Home blood pressure monitoring detects unrevealed hypertension in women with a history of preeclampsia: Results of the BP-PRESELF study
SourceAmerican Journal of Preventive Cardiology, 12, (2022), article 100429
Article / Letter to editor
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American Journal of Preventive Cardiology
SubjectRadboudumc 10: Reconstructive and regenerative medicine RIHS: Radboud Institute for Health Sciences; Radboudumc 16: Vascular damage RIHS: Radboud Institute for Health Sciences; Radboudumc 5: Inflammatory diseases RIMLS: Radboud Institute for Molecular Life Sciences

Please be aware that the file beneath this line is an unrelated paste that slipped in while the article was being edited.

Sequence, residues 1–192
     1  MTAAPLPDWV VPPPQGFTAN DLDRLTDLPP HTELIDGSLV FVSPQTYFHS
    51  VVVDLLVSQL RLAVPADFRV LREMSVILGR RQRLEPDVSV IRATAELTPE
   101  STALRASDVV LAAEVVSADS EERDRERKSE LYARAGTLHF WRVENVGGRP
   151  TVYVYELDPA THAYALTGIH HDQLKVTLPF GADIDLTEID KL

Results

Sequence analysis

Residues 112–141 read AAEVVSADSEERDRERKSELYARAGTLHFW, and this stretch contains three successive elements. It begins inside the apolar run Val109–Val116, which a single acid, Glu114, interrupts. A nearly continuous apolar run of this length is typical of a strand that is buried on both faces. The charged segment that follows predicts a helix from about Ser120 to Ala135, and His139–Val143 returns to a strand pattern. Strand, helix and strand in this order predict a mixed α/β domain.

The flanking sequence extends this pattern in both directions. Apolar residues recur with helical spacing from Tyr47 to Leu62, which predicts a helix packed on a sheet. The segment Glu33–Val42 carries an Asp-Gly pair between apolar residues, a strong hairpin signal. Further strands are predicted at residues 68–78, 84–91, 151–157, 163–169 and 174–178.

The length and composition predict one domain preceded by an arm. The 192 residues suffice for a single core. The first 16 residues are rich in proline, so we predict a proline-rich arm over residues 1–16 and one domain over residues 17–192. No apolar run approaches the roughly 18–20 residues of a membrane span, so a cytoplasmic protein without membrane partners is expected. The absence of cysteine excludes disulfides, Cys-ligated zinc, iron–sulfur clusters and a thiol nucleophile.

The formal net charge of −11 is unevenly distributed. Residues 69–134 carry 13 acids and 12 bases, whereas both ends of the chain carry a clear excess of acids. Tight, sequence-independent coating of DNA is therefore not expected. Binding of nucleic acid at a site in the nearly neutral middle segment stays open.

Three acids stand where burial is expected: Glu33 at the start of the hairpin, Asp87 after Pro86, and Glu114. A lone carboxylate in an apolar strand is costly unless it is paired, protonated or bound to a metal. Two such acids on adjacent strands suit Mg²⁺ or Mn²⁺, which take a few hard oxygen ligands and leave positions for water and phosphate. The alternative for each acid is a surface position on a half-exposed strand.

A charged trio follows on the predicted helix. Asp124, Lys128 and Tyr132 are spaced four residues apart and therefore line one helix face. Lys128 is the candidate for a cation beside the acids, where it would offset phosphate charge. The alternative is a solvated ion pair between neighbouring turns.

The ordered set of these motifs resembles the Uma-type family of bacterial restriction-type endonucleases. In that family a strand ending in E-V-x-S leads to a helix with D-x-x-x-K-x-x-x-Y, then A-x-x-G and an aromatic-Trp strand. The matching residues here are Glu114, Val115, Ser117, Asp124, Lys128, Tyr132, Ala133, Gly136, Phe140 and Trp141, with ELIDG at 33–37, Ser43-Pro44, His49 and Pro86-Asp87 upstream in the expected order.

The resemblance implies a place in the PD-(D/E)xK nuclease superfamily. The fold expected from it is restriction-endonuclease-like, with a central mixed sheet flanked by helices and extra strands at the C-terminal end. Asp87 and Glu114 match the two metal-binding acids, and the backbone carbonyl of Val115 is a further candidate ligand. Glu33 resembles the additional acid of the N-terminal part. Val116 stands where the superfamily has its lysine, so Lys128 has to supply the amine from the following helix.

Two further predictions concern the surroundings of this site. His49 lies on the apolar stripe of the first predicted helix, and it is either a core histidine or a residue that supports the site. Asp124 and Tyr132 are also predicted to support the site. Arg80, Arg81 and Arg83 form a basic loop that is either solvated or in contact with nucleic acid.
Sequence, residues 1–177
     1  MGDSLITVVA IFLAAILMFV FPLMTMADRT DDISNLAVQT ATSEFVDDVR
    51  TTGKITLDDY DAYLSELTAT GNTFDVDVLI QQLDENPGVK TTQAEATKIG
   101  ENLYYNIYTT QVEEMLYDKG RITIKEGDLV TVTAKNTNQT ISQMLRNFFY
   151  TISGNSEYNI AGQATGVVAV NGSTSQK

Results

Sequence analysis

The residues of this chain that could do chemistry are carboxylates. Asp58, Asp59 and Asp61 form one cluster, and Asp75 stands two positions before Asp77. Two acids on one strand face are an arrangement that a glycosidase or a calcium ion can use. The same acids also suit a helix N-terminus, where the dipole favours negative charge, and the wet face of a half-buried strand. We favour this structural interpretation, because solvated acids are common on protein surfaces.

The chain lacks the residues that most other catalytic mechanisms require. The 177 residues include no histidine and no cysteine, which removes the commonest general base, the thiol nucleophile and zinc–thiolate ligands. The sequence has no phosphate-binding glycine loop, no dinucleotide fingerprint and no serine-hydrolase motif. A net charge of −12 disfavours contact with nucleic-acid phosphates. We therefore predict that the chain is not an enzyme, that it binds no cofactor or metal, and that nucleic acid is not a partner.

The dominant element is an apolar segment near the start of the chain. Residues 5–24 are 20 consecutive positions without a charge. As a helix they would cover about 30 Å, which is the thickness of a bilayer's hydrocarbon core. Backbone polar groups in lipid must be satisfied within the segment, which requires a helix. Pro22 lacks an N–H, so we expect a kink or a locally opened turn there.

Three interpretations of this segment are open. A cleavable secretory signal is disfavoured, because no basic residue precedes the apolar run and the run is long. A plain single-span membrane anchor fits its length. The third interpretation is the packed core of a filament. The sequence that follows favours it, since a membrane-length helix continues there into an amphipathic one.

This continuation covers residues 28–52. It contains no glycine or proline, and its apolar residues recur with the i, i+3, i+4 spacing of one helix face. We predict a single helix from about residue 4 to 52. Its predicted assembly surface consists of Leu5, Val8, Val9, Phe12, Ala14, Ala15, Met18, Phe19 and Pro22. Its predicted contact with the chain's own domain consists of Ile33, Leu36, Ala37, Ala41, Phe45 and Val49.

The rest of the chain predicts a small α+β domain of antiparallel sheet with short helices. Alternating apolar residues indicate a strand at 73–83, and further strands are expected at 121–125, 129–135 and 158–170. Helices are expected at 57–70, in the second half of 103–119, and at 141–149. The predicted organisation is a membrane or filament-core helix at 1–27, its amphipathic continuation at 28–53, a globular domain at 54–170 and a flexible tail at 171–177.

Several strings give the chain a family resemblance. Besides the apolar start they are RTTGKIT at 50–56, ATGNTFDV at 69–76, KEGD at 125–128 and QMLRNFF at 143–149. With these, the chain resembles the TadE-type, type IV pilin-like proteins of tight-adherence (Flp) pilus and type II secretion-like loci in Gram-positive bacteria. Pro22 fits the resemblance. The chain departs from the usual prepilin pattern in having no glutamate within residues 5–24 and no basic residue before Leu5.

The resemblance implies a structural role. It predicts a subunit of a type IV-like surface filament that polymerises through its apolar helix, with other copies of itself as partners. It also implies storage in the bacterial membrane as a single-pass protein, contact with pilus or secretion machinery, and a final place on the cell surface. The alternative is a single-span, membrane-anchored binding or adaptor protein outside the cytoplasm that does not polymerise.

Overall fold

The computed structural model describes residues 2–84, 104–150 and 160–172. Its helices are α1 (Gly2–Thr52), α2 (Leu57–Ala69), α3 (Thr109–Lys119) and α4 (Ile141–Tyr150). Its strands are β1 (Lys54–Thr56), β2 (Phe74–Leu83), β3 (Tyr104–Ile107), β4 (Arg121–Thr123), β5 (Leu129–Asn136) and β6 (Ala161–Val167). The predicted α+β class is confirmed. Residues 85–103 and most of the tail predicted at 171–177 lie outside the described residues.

OBJECTIVES: The risk of cardiovascular disease more than doubles after hypertensive disorders of pregnancy. As early onset chronic hypertension contributes to cardiovascular risk, implementation of screening strategies, using home blood pressure monitoring (HBPM), may help to improve long-term cardiovascular health.We evaluated whether HBPM among women with a history of preeclampsia/HELLP syndrome is feasible for early detection and management of hypertension. METHODS: The BP-PRESELF study is a multicenter randomized controlled trial. Participants were randomized to intervention group with HBPM for the duration of 1 year or the control group with 'usual care'. The primary outcome was feasibility of HBPM during 1 year of follow-up, defined as protocol adherence, protocol persistence and patient acceptance. Secondary outcomes were blood pressure levels and prevalence of hypertension. RESULTS: We recruited 198 women with a mean age of 45 years. Protocol adherence decreased during the first 6 months, after which it stabilized. Protocol persistence remained high throughout follow-up. During the study period, 33 women (34%) in the intervention group were diagnosed with hypertension versus only 10 women (11%) in the control group, P<0.001. At 1-year follow-up, mean systolic blood pressure (SD) was 120.4 (11.6) mmHg in the intervention group versus 126.1 (14.3) mmHg in the control group, P=0.003. Mean diastolic blood pressure (SD) values were 77.1 (8.0) mmHg versus 81.7 (9.4) mmHg, P<0.001, respectively. Adjusted systolic and diastolic differences (95% confidence interval) were -6.81 (-10.17, -3.45) and -4.93 (-7.26, -2.61) mm Hg, with 80% less hypertension at 1-year follow-up in the intervention group. CONCLUSIONS: HBPM appears to be feasible for follow-up of blood pressure in women after preeclampsia/HELLP syndrome, while it detected hypertension and blood pressure levels reduced in one-third of women in this group.
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